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Starting CB will open a window like this.

It’s pretty simple – starting a new project (sketch) can be done by clicking the ‘New project’ button.

Saved sketche
s will appear right next to that button and you can access them at any time.

One very important button is ‘Restore Ringo Firmware’. If your Ringo is connected to the computer, it will automatically detect it and allow you to restore the newest software with just a push of a button.

So any time you want to revert to the default software after working on a sketch, push that button

Whenever you encounter an error, press the 'Send error report' at the bottom of the main screen. You'll get the report and the error number - you can use that in the CircuitMess community forum so that our team members can help you more efficiently. 

Starting a new sketch

When starting a new sketch you'll get an option to choose from a code project and a block project.

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 project is pretty much the same thing you'll get in Arduino IDE - straight up Arduino C/C++ that will run your programs based on the code you've written.

On the other hand, block projects are the real ones here. There you'll be able to generate program code from the blocks that you drag-and-drop. This is a real Scratch-like experience and it is highly recommended to everyone beginning their programming career or learning the ins and outs of the Ringo library. The code that is generated can then be copied and modified in the code project.

We advise that you start the block project regardless of your programming skills just so you can get to know the phone and the firmware better!

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This is the main interface you will be looking at most of the time.

On the top of the screen, there is a toolbar from which you can access main program functionalities.

The block selection tool is located on the left side.

In the middle of the screen is where you’ll be “drawing” your code with the blocks

On the right is where those drawings will be translated into code. It is the same code editor used in the VS Code, but as of right now, it is read-only and non-editable.

If you don’t like the dark mode (blasphemy if you ask us!), you can easily switch it by pressing the light bulb button in the top right corner of the code editor.

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There are eight main components here:
  1. Back to the main menu – returns to the main menu without saving
  2. Save/Save As… – saves the file in the default sketch directory
  3. Ringo connected indicator – indicates whether the phone is connected or not
  4. Export to binary – creates .bin file of the code which can be directly uploaded to the phone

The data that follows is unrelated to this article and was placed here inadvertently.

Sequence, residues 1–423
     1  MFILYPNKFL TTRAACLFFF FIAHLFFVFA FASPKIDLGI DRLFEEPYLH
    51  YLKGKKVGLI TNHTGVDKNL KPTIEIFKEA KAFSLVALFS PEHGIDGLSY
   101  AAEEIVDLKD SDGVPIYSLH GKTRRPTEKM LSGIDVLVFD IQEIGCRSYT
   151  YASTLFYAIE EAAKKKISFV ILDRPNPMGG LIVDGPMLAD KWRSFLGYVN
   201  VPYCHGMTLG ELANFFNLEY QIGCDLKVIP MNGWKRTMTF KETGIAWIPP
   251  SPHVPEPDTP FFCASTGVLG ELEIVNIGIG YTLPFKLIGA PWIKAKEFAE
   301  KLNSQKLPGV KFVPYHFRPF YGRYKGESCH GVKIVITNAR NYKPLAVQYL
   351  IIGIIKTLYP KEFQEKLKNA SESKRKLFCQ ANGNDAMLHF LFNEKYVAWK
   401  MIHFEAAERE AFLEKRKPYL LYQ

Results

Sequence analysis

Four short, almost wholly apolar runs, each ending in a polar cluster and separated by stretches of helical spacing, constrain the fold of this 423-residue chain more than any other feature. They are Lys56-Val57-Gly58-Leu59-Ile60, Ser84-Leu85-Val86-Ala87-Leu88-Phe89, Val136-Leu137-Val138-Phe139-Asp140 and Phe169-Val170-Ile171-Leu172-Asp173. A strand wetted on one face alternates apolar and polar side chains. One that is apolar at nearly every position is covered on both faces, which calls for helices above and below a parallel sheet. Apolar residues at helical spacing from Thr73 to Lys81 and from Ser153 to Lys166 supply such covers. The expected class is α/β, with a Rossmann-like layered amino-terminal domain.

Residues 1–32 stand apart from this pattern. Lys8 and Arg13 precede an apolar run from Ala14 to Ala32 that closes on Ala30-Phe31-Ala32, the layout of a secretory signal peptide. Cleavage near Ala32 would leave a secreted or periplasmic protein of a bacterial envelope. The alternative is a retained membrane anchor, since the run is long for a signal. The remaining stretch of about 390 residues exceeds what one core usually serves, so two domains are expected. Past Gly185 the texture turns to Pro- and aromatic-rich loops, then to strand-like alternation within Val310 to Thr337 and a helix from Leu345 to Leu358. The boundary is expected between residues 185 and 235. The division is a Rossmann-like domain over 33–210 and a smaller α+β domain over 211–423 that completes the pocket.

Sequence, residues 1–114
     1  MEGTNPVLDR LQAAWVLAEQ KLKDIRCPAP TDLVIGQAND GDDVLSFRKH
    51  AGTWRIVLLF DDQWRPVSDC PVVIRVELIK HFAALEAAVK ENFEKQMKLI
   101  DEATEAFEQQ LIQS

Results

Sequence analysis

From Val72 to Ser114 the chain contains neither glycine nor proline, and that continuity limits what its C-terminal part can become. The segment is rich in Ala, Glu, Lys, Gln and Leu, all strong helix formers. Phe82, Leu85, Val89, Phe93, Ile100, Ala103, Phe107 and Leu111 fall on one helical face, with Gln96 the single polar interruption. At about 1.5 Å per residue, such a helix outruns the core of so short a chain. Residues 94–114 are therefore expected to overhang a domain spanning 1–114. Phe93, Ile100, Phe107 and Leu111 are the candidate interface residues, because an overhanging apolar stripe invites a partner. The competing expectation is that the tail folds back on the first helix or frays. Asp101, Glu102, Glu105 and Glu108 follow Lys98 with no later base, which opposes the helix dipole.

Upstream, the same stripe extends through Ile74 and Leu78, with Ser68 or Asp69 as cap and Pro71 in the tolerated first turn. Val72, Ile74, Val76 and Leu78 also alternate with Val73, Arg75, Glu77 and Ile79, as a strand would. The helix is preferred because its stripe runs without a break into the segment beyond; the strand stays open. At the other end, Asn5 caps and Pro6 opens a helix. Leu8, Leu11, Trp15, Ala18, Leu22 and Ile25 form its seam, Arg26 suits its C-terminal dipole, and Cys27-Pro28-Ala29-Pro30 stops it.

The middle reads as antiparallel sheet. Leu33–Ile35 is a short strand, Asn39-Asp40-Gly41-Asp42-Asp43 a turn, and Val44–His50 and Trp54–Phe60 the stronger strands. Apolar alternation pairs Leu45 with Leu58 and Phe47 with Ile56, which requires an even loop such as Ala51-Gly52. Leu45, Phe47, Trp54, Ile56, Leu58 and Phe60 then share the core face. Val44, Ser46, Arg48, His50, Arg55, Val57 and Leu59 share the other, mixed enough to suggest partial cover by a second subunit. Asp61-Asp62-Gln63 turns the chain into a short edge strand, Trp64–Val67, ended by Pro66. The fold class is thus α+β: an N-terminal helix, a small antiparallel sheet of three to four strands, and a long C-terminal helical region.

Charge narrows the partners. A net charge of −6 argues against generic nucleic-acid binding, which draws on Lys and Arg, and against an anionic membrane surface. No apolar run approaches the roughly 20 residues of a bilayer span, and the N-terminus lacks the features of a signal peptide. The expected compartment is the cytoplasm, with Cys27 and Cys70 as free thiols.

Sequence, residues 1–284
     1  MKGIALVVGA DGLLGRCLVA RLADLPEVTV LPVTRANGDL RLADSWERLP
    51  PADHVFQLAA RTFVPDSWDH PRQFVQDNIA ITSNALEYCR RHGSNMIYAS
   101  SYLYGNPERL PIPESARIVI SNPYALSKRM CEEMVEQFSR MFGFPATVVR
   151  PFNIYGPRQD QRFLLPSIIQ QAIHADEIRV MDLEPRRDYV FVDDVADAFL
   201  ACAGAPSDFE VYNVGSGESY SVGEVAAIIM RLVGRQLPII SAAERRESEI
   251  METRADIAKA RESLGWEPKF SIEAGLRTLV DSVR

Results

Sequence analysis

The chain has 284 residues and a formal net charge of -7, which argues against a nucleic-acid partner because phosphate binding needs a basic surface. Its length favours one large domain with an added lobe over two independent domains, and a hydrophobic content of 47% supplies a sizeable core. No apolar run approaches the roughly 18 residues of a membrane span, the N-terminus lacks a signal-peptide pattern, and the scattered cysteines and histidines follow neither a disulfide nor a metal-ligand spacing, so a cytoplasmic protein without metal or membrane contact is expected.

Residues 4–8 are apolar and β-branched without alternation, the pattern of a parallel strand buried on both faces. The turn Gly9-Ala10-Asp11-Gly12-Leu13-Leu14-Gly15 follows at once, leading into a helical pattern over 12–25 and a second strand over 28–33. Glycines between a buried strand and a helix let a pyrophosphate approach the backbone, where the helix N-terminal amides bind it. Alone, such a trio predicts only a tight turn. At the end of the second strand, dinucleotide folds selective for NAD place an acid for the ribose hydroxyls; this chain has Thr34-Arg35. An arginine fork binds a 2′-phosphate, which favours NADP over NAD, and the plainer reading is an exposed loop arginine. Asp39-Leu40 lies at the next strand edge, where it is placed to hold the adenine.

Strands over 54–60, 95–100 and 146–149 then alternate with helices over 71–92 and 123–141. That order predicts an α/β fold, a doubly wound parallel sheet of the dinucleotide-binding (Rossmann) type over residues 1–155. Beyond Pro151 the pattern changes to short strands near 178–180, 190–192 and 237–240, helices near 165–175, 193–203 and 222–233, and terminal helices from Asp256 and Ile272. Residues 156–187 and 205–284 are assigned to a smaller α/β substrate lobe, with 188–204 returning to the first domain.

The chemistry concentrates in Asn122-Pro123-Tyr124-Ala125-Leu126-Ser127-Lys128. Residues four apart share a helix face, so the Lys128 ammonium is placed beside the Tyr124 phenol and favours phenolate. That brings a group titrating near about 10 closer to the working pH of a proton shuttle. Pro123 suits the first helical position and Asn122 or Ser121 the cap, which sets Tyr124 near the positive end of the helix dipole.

5. Open serial - open Serial port
  6. Close Code – closes the code editor to expand the ‘drawing’ area
  7. Minimal - Toggles minimal option
  8.  Run – compiles and uploads the code to your phone
When the phone is not connected, the red ‘Run’ button will turn grey and the indicator will say ‘Ringo disconnected’ with the red dot instead of a green one.

While a code you’ve written is being uploaded, a progress bar will appear right below the toolbar which indicates how much data has been compiled/uploaded so far.

When it reaches 50% it means that the compilation is over and when it reaches 100% it means that the upload to the phone is finished.


One important thing to know about the yellow button 'Minimal' is that it does the following - compiling it with the minimal on, your program will compile much faster, but it will not have the basic phone functions - calling, texting, main menu...    This is particularly useful when developing an app and when you're fixing small bugs - we recommend using it ONLY when developing an app.   

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  1. Main code screen – this is where the blocks will appear in the textual format, code words are colored while the regular text is white
  2. Light mode switch – switch the background of the code editor between black and white
  3. Expand – stretches the code editor over the whole window
  4. Close – closes the code editor, same functionality as ‘Close Code’ button from the toolbar
If you are writing some more complex apps, you can copy this code and paste it to one of the other, more complex IDEs (like Arduino or VS Code) from where you will be able to edit it and write more lines.

The ‘Drawing board’ is the most complex part of the IDE. It’s where all the magic happens. It is divided into two main sections. On the left is a board where you select the blocks and on the right is a board where you place them. Each type of block has its own color so it’s easily recognizable.

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  1. Search bar – dynamic search bar with which you can easily find any component you’re looking for
  2. Component selector – divided into categories by names and colors
  3. Drawing board – a place where you create your programs by placing the components in a certain order
  4. Center icon - places your blocks in the center of the board
  5. Zoom buttons - zoom in and out of the board
Each of the components will be explained in detail and come with a few examples of how to use them together